and his people came from Frankfurt in Germany. That's my
father's father. My mother's father lived here in San Francisco
and came here from Scotland. He had a marine engineering business,
My grandparents lived here all their lives. My father was
bom in Sunol. Do you know where Sunol is''

Norberg: No.

Buttner: Do you know where Niles is? Livermore?

Norberg: Yes.

Buttner: All right. Sunol is the head of the Niles Canyon, which is

about eight or ten miles from Livermore. It's a place which we
still own, incidentally, as a part of my grandfather's homestead.
It was on a range of hills near the former home of Phoebe
Apperson Hearst. So that's my grandparents on both sides. My
grandfather on my mother's side, I never saw; he died before I
was around. My father worked with the Southern Pacific and he
became County Treasurer of the County of Contra Costa. He
died quite young, in his forties, when I was just starting college.
I went to college at Berkeley, and graduated from there in




Can we not proceed quite so fast, though,
do for the Southern Pacific?

What did your father

Well, he was employed in the division area in Port Costa.

Was he an engineer of some kind before he went to the railroad?

No, I think he was more in the accounting-administrative side.
He was not an engineer.

Did he go to college locally?

No, I don't know how far he went through school. Not very far.
He was sort of self-educated, then he became County Treasurer,
and then we moved to Martinez. And at that time, that was my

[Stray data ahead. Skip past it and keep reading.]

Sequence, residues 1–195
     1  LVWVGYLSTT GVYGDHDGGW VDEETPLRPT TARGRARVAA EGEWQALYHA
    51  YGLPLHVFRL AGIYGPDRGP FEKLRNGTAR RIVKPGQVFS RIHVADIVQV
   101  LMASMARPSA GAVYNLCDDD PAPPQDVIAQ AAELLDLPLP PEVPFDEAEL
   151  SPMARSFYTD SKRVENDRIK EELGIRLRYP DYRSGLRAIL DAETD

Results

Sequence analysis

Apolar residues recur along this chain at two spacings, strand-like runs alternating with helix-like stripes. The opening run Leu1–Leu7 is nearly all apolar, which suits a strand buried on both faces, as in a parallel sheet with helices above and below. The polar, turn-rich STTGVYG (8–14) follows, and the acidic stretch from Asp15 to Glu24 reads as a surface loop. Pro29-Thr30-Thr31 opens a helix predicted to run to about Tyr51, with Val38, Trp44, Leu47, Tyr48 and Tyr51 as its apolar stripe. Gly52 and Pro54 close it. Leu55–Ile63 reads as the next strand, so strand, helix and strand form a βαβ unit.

first experience with electronics, called wireless.

Norberg: What year was that?

Buttner: It was 1910. 1906 was the year of the earthquake. We were

living in Port Costa then, and by 1910 we moved up to Martinez.
And then we were trying to get telegraph signals with galena
silicon and electrolytic detectors.

There was a group of people around the Bay here: Ralph
Heintz was one, and Charlie Litton, when he came in at that
time, a fellow by the name of Wiley, and they later formed what
was called the Bay County Wireless Association. Haraden Pratt
was quite active in that. Incidentally, I made his acquaintance
by wireless long before I ever met him in college, and the same
way with a man named Lewis Clement. And you would talk over
the wireless, and later you finally met.

In those days they passed a law specifying the frequencies
[that] amateurs, what they called wavelengths at that time, could
operate on, and power. No limit at all. You just picked a spot
where you seemed to get good radiation in your antenna, and what
power you could afford. We made our own transformers, and this
was a curse too, for the neighbors, because the high frequency
got back in the line and short-circuited lights around the
country; the sparks made a terrible noise, and [had] a lot of
power in some of them. Clement, I think, had a ten-kilowatt
transformer. His father was a civil engineer, and he had a
special line put in by PC & E, because the local lighting
circuits were inadequate for the power required.

I had problems even then. I was hard of hearing. The first
time I realized it was when I realized that I could not hear the
Honolulu station on the headphones. A measure of achievement
was reception of the Honolulu station, and I never could hear
it. So some of the boys came over to my house. "Hell, there It
is. You don't hear it?" So I realized [it] then, and I*ve
been cursed with defective hearing ever since, in varying